Plasma-Enhanced CVD of Silicon Nitride

Plasma enhanced techniques are often employed to deposit silicon nitride, since unlike silicon dioxide there are no thermal approaches which operate below 600 °C. Deposition is usually performed in showerhead configuration reactors, operating at from a few hundred mTorr to a few Torr. Temperatures of 250 to 400 °C are typically employed. Ammonia is the most common oxidant, although pure nitrogen is also used.


At low power density and low ammonia concentrations, the gas phase is dominated by SiH2, SiH3, and polymerized silanes. In this case, nitrogen must be added at the surface. Films produced under these conditions have copious Si-H and are relatively poor insulators. Increasing the power density and the ammonia:silane ratio produces triaminosilane, Si(NH2)3 in the gas phase, with lesser amounts of hydrogenated species. Films deposited from triamonisilane are almost free of Si-H bonds (though N-H is still present) and have excellent electrical properties. The conditions of the reactor can be easily diagnosed by monitoring the Si2H6 signal in the exhaust by mass spectroscopy. As ammonia is increased the amount of Si2H6 will decrease rapidly; optimal operating conditions are obtained when this signal decreases to nearly zero, in combination with a maximum in deposition rate. The same technique can be used with N2O or N2 as oxidants. The total hydrogen content in the film is controlled primarily by the temperature.

reference: “ Controlling the plasma chemistry of silicon nitride and oxide deposition from silane" D. Smith, J. Vac. Sci. Technol. A11 1843 (1993)


Nitrides are often under large tensile stress, presumably resulting from the elimination reactions (Si-NH + Si-NH2 => Si-N-Si + NH3, etc.) which form the film. However, in plasma deposition, ion bombardment can be used to densify films and make them more compressive. The stress is influenced by the gas mixture, deposition rate, temperature, and ion bombardment. Ion bombardment is most easily adjusted by using dual frequency reactors, and this approach is often employed for facile adjustment of stress of deposited nitrides. Here the low-frequency component of the plasma excitation is employed to change the plasma sheath voltage somewhat independently of the electron density, so that the ion energy distribution can be changed with modest effects on the plasma chemistry.

reference: "Advantages of Dual Frequency PECVD for Deposition of ILD and Passivation Films" E. van de Ven, I. Connick and A. Harrus, VMIC 1990


Plasma nitride films are almost universally used for final passivation layers in IC fabrication, often in conjunction with a deposited oxide or PSG layer. Plasma nitride films are effective sodium barriers, with deposition temperatures compatible with aluminum or copper metallization. In this application, stress control is important to avoid film cracking and degradation of metal reliability. Control of total hydrogen and bonding is also important to avoid hot-electron reliability problems. The highest temperature compatible with the metallization must be used to ensure good barrier properties. PECVD silicon nitride is also often employed for passivation of GaAs MESFETs, to avoid oxidation of the exposed GaAs surface (since GaAs oxides are stable in the presence of the substrate).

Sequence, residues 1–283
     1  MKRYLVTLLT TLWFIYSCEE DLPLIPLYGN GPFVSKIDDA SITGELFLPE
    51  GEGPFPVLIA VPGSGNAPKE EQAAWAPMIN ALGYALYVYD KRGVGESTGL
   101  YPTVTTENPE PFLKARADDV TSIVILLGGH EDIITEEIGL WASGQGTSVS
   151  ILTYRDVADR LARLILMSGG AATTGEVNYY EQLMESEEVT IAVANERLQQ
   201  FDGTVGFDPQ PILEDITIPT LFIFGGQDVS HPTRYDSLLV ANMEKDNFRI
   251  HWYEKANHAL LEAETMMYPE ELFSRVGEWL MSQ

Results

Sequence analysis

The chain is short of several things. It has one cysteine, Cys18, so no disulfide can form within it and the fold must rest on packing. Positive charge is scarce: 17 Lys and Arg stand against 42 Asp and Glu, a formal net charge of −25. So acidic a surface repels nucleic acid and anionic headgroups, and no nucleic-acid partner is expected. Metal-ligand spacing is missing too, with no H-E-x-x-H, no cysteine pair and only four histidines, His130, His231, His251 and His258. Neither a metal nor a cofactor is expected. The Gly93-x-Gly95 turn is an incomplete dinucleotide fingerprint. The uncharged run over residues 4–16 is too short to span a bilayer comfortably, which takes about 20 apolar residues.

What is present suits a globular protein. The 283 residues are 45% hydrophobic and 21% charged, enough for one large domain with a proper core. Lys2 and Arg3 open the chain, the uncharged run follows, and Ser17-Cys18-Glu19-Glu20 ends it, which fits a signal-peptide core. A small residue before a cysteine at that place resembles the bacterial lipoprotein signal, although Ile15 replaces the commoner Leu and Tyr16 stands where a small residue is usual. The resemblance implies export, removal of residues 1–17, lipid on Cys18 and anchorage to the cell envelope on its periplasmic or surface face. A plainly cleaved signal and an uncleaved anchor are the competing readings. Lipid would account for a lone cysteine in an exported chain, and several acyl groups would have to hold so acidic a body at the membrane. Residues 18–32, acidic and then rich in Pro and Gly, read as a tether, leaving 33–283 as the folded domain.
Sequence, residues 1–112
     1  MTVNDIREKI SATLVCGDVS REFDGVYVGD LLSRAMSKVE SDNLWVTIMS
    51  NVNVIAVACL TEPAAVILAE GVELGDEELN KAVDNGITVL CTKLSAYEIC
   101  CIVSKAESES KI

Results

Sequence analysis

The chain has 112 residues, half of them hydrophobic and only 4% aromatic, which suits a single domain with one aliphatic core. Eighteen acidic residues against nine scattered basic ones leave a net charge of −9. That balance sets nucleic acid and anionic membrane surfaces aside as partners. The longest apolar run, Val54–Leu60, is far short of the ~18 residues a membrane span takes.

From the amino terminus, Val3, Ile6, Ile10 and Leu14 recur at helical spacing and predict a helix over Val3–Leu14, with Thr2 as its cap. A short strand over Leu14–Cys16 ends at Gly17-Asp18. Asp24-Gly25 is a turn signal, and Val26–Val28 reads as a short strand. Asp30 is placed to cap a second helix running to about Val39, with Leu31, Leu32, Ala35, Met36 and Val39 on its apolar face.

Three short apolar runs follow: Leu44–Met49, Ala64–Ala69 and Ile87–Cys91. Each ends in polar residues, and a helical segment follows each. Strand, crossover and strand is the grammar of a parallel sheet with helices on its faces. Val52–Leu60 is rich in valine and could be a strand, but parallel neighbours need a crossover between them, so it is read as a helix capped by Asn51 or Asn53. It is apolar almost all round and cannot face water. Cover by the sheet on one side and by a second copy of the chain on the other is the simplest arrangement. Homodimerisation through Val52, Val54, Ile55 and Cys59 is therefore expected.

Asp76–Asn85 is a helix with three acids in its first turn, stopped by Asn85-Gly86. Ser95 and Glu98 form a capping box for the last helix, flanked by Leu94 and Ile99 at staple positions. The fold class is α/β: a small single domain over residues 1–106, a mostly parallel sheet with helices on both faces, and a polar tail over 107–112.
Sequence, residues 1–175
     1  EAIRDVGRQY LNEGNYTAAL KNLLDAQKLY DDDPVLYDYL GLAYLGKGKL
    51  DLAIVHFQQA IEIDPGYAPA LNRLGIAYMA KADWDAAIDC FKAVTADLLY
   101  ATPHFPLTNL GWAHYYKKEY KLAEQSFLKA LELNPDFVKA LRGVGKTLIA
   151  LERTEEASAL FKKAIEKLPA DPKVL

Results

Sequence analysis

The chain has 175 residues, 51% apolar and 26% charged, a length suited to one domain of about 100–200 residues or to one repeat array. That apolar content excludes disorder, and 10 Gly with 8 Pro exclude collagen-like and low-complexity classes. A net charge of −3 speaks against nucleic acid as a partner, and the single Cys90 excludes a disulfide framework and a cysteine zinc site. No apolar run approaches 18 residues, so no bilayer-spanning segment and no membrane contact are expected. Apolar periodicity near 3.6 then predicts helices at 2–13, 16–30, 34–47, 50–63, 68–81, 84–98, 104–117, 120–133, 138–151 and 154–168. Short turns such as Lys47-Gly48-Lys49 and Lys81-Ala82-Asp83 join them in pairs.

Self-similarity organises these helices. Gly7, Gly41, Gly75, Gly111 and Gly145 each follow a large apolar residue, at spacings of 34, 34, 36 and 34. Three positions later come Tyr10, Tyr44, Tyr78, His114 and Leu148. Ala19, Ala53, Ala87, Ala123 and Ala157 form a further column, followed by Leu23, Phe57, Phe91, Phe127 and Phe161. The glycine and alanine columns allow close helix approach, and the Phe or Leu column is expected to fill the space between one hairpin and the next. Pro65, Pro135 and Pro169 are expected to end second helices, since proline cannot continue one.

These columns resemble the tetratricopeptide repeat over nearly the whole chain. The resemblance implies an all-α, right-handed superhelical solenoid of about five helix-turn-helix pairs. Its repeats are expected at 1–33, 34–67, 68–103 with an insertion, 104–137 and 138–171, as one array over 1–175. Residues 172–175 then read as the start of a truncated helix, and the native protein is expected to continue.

Plasma nitride films are also used as stop layers for dual Damascene processing. In this technique, trenches and via holes are etched in two separate steps into an interlayer dielectric, and then filled with metal to form wires and interlevel connections. The nitride layers are used to ensure that the trench depth is constant across a wafer, independent of variations in etch rate. However, the use of silicon nitride, which has a high dielectric constant and by the nature of the process is located at the corners of features (where electric field lines concentrate), leads to increased interline capacitance. This problem may be addressed by a more complex etch process which displaces the nitride layer away from the via-line intersection, or by replacing the nitride with a plasma-deposited silicon carbide layer.

Another important area of application of plasma deposited silicon nitride is for the gate dielectric in active-matrix liquid crystal displays (AMLCD's). These displays employ MOS transistors fabricated on glass substrates to locally control access to liquid crystal cells, and are universally used to achieve high-resolution color displays in laptop computers and other portable, low power applications. In this application, very low RF powers are employed, and a large hydrogen concentration (bonded to nitrogen) is desirable to ensure good stability of the interface with the amorphous silicon which forms the transistor active layer. Plasma nitride is often sandwiched with an anodic oxide or deposited silicon dioxide to obtain improved electrical insulation.

Still more old references:
"Sodium diffusion in plasma-deposited amorphous oxygen-doped silicon nitride (a-SiON:H) films" J. Osenbach and S. Voris, J. Appl. Phys. 63 4494 (1988)
"Dependence of Electromigration Lifetime for Via Chains on Slope Angles of Via Holes" H. Nishimura, Y. Okuda, and K. Yano, J. Electrochem. Soc. 142 3565 (1995)
"BLOK: a low K Dielectric Barrier/Etch Stop Film for Copper Damascene Applications", P. Xu et. al., IITC 1999 p. 109
"Gate dielectric and contact effects in hydrogenated amorphous silicon - silicon nitride thin film transistors" N. Lustig and J. Kanicki, J Appl Phys 65 #10 3951 (1989)
"PECVD Nitride as a Gate Dielectric for Amorphous Silicon Thin Film Transistor" Y. Kuo, J. Electrochem. Soc. 142 186 (1995)

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